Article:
It is possible to recover a vector bundle from its sections over open sets. Thus, instead of working with vector bundles in the axioms; I’ll shift directly to talking about the sections over open sets.

Definition A B.6 input consists of: (a) for every (A, S), where A is an affine Zariski open of X, an \mathcal{O}(S) module E(A,S) and (b) for every diagram
\begin{matrix}  & A' & \subset & A \\ & \downarrow & & \downarrow \\ p: & S' & \to & S, \end{matrix}
an isomorphism \beta_{p} from E(A, S) \otimes_{\mathcal{O}(S)} \mathcal{O}(S') to E(A', S').

We impose that (1) E(A,S) is a locally free \mathcal{O}(S) (2) that \beta_{p} \circ \beta_{q} = \beta_{q \circ p} and (3) a sheaf-like gluing condition.

Whew, that’s a lot! A few comments:

A map of \mathcal{O}(S')-modules from $E(A, S) \otimes_{\mathcal{O}(S)} \mathcal{O}(S’)$ to E(A', S') is equivalent to a map of $\mathcal{O}(S)$ modules from E(A,S) to E(A',S'). So, if you like, you can think of \beta_p as a map E(A,S) \to E(A', S'). From this perspective, it is more obvious that we are defining something like a sheaf.

The condition that $\beta_p$ in question be an isomorphism should be thought of as a quasi-coherence condition — indeed, when A=S and A'=S', this is exactly the condition that the E(A,A) form a quasi-coherent sheaf.

Above, I defined things only for affine opens. It is easy to extend the definitions to all opens by gluing.

Condition (1) is just to make sure that we are talking about vector bundles, since I wanted to be consistent with what came before. It would be easy, and at this point more natural, to drop this condition and work with all quasi-coherent sheaves.

An input of type B.6 is equivalent to an input of type B.5 (or B.4 or B.3). Here’s how to go from the B.6 data to the B.5 data. First, look at all the cases where S=A. The E(A,A) form a locally free sheaf (in the Zariski topology), so we can use them to build a vector bundle V on X. Next, if we have any (A,S) with A an affine open, we can use the infinitesimal lifting property to get a map p: S \to A and, for every affine open A' in A, we can take the induced map S' \to A' obtained by localizing. This lets us show that the E(S', A') form a sheaf on S, coming from a vector bundle W. Moreover, using the \beta_p, we get an isomorphism p^* V \cong W. Finally, if we have two maps p and q from S \to X, we can compose p^* V \cong W \cong q^* V to get \alpha_{pq}.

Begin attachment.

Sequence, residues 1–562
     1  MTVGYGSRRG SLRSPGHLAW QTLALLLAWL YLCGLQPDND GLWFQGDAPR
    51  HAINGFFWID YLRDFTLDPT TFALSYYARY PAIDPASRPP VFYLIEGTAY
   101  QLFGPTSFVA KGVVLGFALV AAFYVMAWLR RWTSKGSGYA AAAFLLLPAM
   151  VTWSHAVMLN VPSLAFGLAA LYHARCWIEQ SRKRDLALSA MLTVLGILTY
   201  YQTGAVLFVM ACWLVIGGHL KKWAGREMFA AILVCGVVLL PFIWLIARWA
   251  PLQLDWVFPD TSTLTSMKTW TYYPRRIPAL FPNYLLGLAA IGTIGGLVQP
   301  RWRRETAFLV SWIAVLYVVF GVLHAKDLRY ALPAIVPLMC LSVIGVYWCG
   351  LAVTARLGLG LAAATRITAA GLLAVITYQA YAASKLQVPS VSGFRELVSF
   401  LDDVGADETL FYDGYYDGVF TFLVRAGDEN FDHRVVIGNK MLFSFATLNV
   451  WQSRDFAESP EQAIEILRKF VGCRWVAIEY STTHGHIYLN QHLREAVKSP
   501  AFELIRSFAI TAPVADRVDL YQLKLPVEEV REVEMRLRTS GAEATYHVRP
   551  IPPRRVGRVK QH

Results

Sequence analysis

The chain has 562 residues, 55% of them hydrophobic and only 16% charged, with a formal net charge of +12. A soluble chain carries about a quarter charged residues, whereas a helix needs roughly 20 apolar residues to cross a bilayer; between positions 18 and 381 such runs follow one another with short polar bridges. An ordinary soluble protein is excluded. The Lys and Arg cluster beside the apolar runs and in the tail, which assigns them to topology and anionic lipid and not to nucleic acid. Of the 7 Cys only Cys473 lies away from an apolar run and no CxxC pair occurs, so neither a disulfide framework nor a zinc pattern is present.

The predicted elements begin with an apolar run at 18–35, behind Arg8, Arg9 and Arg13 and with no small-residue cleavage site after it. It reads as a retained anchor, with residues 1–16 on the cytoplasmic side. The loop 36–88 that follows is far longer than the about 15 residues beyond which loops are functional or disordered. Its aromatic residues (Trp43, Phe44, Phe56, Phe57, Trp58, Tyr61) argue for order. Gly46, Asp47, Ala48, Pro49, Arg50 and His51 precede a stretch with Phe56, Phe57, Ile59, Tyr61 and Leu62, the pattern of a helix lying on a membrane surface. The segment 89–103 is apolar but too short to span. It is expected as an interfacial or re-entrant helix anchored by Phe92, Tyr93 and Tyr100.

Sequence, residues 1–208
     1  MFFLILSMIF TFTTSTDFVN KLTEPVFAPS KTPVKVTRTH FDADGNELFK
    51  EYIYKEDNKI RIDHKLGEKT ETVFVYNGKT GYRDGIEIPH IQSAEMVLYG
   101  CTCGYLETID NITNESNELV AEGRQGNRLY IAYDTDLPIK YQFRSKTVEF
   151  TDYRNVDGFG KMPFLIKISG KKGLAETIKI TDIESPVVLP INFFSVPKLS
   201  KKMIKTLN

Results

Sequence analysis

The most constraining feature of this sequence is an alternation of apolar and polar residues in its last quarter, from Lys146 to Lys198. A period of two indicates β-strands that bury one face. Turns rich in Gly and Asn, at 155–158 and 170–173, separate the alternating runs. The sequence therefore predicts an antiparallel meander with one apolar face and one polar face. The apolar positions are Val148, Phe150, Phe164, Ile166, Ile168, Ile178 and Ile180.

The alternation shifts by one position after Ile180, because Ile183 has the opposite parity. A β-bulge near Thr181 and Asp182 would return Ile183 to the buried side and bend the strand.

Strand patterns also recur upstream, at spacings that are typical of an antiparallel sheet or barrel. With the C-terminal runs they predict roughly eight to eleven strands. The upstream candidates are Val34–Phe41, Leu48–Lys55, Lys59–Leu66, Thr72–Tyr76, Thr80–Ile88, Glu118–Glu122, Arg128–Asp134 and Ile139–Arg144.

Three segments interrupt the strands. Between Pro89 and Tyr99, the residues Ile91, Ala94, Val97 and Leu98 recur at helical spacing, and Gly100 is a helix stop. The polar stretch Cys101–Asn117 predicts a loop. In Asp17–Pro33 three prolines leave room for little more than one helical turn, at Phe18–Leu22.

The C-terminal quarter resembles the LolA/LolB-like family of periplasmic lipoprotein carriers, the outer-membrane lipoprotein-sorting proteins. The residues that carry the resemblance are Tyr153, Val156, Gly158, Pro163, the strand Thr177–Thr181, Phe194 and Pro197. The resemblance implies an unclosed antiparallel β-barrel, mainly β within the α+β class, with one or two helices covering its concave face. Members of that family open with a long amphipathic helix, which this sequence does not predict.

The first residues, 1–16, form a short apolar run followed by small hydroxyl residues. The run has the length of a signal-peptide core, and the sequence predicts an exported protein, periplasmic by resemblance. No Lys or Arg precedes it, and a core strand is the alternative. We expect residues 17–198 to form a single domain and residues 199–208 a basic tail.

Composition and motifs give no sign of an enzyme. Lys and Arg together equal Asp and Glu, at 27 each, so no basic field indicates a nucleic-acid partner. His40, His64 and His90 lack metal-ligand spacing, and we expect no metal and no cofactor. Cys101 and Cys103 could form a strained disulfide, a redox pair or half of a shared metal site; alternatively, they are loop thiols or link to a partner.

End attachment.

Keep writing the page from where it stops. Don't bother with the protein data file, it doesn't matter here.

There were a lot of details there, so let me emphasize the point I find mindblowing about the B.6 approach: the maps \beta_p are used both to build the vector bundle V and to build the isomorphisms \alpha_{pq}. In the B.6 approach, open inclusions and sections of nilpotent thickenings play the same role. This suggests that there should be some “topology” in which sections of nilpotent thickenings are considered to be open sets, just like we invented the étale topology in which local isomorphisms count as open sets. This can be done, and it is called the infinitesimal site. (If you put in all the necessary gadget to make things work in characteristic p, not all of which I’ve told you yet, you have the crystalline site.)

That is about the limits of my knowledge in this direction. When we return this series, there will be connections, differential equations and \mathcal{D}-modules — possibly the lowest tech perspective yet!

About these ads

Comments

1. John Baez - May 7, 2009

I recently discovered the book Models for Smooth Infinitesimal Analysis by Ieke Moerdijk and Gonzalo Reyes. It describes a bunch of topoi that include the category of manifolds but also ‘infinitesimal spaces’ like the space whose algebra of functions is R[x]/. I haven’t looked at this book yet, but I bet some of these topoi exploit ideas related to the infinitesimal site.

A key idea in some of this work, which distinguishes it from algebraic geometry, is the idea of a “C-infinity ring”. This is an algebraic of the algebraic theory whose n-ary operations are smooth maps from R^n to R. The free C-infinity ring on n generators is the ring of smooth functions on R^n, and the algebra of smooth functions on any paracompact manifold is a finitely presented C-infinity ring.

2. John Baez - May 7, 2009

That funny-looking R[x]/ was my feeble attempt to write R[x] modulo the ideal generated by x^2. The angle brackets I wrote were interpreted in some way that made them and the stuff inside invisible.

It would be really great to have a tiny box somewhere on the side of this blog that said how to write stuff in TeX. Lacking the knowledge of how to do, I’ll try something now and see if it works:

$R[x]/\langle x^2 \rangle$

3. David Speyer - May 7, 2009

To use LaTeX, simply write $ latex R[x]/\langle x^2 \rangle$ without the space between the dollar sign and LaTeX. This is the system used on all wordpress blogs.

But, you’re right, we should put a post up in the side bar explaining this.

The C^{\infty} ring sounds fascinating. How much do I need to know to read this book?

4. Matthew Emerton - May 7, 2009